A Maryland State Police lieutenant said yesterday that his study of 157 fatal accidents involving large trucks shows that the public is too quick to blame truck drivers for accidents when "they're no worse and no better than the average motorist."
And he said he found that defective truck safety equipment, such as brakes, are factors in fewer accidents than the public seems to think.
Lt. Richard H. McGee, who reconstructs accidents for the state police truck safety unit, said he reviewed the records of all fatal accidents involving trucks and other vehicles or pedestrians in 1989 and 1990 and found that only about a third of those accidents could be blamed on the truck or its driver.
He also found that only about 20 percent of those trucks had defective safety-related equipment.
The study, which looked at all the fatal accidents in Maryland involving trucks weighing more than 26,000 pounds in 1989 and 1990, was welcomed by the trucking industry.
"It shows that the trucks are safer, the drivers are safer, and obviously the highways are getting safer," said Edward Gallagher, a trucking executive and chairman of the board of the Maryland Motor Truck Association.
But William F. Zorzi Sr., spokesman for the Maryland chapter of the American Automobile Association, was skeptical of some findings, pointing out that of about 50,000 trucks inspected by the state police in Maryland last year, more than half were ordered off the road because of defective safety equipment.
He also said the study was "limited" because it didn't focus on the danger trucks pose to motorists regardless of who is at fault. "The big truck is twice as likely to be involved in a fatal accident as a car," he said. "And if there were 5,000 people killed in accidents between heavy trucks and cars, about85 percent of the fatals are the people riding in the cars.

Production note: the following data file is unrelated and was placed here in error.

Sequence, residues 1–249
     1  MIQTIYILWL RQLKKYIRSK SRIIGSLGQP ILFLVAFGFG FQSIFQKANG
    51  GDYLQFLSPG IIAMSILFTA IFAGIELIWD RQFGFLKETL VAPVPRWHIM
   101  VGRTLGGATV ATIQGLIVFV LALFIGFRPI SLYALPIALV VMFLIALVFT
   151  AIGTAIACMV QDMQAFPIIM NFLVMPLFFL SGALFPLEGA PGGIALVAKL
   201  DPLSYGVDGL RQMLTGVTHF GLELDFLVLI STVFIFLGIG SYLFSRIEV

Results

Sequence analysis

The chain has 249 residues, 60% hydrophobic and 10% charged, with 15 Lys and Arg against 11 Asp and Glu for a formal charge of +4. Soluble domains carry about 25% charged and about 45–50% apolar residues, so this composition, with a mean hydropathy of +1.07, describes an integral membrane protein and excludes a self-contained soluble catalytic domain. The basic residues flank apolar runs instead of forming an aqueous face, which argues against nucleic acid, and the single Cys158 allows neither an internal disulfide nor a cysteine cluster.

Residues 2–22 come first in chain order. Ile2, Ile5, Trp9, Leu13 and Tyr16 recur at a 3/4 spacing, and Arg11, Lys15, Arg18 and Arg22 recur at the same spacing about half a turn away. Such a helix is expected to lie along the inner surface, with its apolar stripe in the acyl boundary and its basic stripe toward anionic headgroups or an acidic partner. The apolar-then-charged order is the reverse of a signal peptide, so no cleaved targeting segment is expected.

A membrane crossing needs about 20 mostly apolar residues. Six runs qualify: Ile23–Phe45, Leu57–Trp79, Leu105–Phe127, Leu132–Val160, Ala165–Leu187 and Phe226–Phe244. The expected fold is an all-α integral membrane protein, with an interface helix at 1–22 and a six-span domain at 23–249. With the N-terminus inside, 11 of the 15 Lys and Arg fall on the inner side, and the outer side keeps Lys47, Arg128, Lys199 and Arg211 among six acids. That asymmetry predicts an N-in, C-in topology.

"I don't mean to criticize [the study]," he said. "But in the big picture it doesn't mean too much."
On April 27, an asphalt-laden dump truck plowed into several other vehicles on Interstate 895 near the southbound Harbor Tunnel entrance, killing a 23-year-old Baltimore woman. Police said the truck's brakes were defective.
The driver has since been charged with manslaughter. The asphalt company, Cunningham Paving Co. of Crownsville, was later cited by state police safety inspectors for allegedly failing to perform required repairs on some of its truck fleet and not maintaining proper maintenance records.
Since that crash, Lieutenant McGee said, "the public thinks that every truck going down the road has defective brakes. And that's just not the case."
A spokesman said the state police plan to release the 38-page report tomorrow. Yesterday, they issued a two-page summary.
Lieutenant McGee said he decided to launch the study in February on his own initiative after he noticed that in most truck-auto accidents he investigated the fault appeared to involve the auto.- while the public, he said, tends to blame the trucks.
Frequently, Lieutenant McGee said, the car driver will crash into a truck or blunder into its path. "They either don't see the truck in BTC time and either crash into the rear or side, or they have the tendency to believe that a truck can stop in the same distance they can," he said. "That's obviously not the case."